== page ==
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Is the Hurricane Ready to Take the World by Storm? Probably Not. But It’s Still an Amazing Drink.

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(illustration: Justin Shiels)

The first Hurricane I ever had was in the balmy courtyard of Pat O’Brien’s in New Orleans’ French Quarter. I was in my mid-twenties and it was the ’90s. No one other than Dale DeGroff and his ilk cared a sticky lick about fresh anything in cocktails. The drink arrived, a riot of red in a tall curvy glass, long plastic straw and all. I remember it was sweet! I remember having a really good time. I don’t remember much after that. Four ounces of rum in a single sitting will do that.

At its core, the Hurricane is a simple drink: a requisite mix of rum, passion fruit and lemon juice. Is it in the cocktail cannon? Hell, yeah! It’s yet another legendary New Orleans original, although there are murmurs of it possibly having been invented in other spots. But we’re throwing down and awarding the origins to the Crescent City.

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“I think the first one I had was when I turned 18,” says Shelly Waguespak, the president of Pat O’Brien’s and the third generation of her family to run the St. Peter Street place, as well as its outposts in Orlando and San Antonio. “My dad closed the upper patio [at Pat O’Brien’s] for my birthday and graduation party. I think we tried every drink on the menu,” several of which stick with the weather-related theme: the Cyclone, the Rainbow, the Rainstorm.

Hurricane

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Originally opened as a sort of speakeasy during Prohibition by its namesake proprietor, Pat O’Brien, by Repeal in 1933 O’Brien took on a partner in the form of his poker buddy, Charlie Cantrell. The operation moved a few doors down to an old Spanish theater, and its dueling pianos and flaming-fountain-crowned courtyard have been there ever since.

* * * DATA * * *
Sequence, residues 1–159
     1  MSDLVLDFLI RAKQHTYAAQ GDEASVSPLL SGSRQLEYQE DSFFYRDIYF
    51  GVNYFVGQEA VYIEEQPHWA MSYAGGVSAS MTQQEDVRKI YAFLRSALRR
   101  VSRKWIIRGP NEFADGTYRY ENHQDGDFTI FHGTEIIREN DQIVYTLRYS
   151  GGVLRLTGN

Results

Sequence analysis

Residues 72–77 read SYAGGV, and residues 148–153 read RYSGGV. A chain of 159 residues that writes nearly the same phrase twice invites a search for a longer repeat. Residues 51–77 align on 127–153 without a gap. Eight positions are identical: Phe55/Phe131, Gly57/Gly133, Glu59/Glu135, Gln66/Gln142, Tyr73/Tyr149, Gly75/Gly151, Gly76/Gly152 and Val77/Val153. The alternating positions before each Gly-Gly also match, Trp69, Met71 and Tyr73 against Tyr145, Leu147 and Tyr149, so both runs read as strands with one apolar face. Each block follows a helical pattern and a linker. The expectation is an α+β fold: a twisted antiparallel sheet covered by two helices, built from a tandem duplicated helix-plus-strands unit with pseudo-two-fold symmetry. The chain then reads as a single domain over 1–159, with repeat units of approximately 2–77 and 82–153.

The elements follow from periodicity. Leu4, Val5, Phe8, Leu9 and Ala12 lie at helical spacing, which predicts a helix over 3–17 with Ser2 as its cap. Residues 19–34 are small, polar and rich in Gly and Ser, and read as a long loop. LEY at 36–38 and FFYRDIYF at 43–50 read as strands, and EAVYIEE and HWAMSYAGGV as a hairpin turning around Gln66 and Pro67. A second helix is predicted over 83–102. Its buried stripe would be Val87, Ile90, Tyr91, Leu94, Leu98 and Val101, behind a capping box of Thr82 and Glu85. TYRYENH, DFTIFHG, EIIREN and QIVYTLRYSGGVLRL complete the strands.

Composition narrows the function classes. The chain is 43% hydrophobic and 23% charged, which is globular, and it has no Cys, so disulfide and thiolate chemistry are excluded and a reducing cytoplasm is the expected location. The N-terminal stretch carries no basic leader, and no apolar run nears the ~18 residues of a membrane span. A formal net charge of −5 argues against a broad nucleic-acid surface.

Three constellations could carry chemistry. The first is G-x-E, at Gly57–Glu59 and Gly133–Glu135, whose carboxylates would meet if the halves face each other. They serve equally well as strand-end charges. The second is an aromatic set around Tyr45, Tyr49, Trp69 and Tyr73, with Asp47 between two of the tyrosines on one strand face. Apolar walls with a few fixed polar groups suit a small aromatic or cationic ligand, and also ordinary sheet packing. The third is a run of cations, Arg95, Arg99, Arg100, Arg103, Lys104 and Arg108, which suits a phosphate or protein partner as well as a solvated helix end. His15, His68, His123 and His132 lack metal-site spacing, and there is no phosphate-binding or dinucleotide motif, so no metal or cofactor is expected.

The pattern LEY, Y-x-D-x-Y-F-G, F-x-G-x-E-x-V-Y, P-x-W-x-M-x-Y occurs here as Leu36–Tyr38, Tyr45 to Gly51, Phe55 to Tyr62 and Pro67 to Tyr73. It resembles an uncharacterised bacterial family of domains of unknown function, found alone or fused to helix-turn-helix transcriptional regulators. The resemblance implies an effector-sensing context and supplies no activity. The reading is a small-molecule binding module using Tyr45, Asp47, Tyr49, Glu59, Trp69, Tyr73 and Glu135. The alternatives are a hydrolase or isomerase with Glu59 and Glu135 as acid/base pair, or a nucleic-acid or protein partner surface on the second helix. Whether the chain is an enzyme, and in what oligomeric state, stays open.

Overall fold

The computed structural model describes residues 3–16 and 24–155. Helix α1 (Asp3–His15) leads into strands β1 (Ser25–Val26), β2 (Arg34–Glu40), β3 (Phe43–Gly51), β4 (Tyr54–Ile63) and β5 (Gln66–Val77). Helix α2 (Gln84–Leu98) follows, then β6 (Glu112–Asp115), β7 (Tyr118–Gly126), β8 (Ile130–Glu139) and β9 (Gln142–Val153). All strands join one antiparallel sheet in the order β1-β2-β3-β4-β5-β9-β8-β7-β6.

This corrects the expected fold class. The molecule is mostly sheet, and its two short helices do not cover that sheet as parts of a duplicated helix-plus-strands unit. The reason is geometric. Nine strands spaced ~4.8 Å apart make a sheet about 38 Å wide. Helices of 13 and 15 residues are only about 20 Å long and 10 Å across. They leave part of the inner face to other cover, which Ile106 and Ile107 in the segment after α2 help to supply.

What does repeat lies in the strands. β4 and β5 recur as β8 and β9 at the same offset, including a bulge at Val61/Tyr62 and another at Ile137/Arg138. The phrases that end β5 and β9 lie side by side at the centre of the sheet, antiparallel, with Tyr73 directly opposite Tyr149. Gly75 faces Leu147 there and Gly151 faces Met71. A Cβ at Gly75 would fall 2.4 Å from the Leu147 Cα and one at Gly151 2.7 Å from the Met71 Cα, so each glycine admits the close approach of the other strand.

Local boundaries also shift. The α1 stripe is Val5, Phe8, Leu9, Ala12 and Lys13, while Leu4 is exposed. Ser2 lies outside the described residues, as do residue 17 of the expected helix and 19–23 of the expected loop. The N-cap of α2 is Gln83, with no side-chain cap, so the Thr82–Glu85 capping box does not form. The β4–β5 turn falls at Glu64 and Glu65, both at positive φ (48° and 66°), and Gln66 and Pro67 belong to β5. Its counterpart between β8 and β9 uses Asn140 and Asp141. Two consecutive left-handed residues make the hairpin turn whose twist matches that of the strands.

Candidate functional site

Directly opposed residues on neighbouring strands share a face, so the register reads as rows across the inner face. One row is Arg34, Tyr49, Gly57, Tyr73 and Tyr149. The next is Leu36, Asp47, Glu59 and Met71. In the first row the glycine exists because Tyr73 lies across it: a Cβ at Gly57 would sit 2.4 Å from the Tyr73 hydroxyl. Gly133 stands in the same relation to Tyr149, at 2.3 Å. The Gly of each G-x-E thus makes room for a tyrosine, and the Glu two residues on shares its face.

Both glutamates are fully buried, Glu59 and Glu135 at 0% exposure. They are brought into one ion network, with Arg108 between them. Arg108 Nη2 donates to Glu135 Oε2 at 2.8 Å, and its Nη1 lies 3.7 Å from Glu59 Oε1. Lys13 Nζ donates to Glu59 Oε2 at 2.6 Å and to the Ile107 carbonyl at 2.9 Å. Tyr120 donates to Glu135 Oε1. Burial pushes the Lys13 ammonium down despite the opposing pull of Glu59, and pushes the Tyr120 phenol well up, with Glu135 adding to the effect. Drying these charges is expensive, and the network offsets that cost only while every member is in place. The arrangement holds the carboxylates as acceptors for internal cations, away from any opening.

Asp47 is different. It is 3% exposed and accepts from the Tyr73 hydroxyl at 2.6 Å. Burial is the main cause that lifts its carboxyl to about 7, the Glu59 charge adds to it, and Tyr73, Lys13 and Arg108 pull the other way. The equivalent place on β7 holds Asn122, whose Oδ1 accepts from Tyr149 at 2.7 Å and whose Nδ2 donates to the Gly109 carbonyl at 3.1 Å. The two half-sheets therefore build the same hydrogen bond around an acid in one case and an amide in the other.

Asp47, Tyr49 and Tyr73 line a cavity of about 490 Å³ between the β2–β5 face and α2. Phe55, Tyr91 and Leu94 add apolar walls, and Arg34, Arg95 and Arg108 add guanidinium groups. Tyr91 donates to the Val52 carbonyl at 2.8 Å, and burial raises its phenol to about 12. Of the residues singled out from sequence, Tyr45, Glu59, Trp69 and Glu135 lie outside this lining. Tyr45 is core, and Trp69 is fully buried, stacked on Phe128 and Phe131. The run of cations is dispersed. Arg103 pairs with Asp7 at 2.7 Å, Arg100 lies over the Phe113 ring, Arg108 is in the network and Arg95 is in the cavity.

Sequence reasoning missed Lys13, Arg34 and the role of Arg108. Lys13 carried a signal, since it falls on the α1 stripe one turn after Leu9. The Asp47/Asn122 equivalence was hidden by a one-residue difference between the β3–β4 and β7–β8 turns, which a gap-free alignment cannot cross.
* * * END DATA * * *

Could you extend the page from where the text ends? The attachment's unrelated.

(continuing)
The Hurricane itself was a drink born of a surplus of rum. “As the decades go by, everybody has their own thought of what actually happened,” says Waguespak. “I’ve always been told by my dad and grandpa that in the ’40s it was harder to get different types of liquor because of the war. Rum was easily purchased, because it came up river from the islands. And liquor salesman would strong-arm you and say, “Oh, you can buy this bottle of whiskey if you buy this much rum,” so we had a stockpile and started experimenting with flavors. Then we’d let customers taste and see what they liked.”

Indeed, the thirsty throngs liked the Hurricane very much. So much so that today the New Orleans outpost alone sells more than half a million glasses of the stuff every year.

As for the shape of the glass, Waguespak’s family intel is that it was a glass salesman who presented the then-new curvaceous vessel to her grandfather. It looked like a hurricane lamp, the kind that protect a flame from getting snuffed out in a gust. And so it goes, the glass gave name to the NOLA-native drink.

Aside from the glass and the place, the Hurricane seemed initially to be more about using up all that rum on hand, as Waguespak says, then coming up with a bespoke set of ingredients. Rum was and is the spirit. Today, Pat O’Brien’s has a proprietary blend made for them in partnership with an unnamed distillery in Puerto Rico. Other bartenders upping the ante on the Hurricane take advantage of the influx of great rum available and follow the oft-used Tiki roadmap of blending.

“The prominence and proliferation of rum in the U.S. over the past five to eight years has really exploded,” says NOLA expat William Elliott, the bar director at New York City’s Maison Premiere, where the Hurricane has been on the menu in myriad iterations over the last decade-plus. “A lot more consumers are drinking rum-based drinks. It’s a return to the classics: the Daiquiri, Mai Tai. People off the street are realizing these are not terrible, overly sweet drinks.”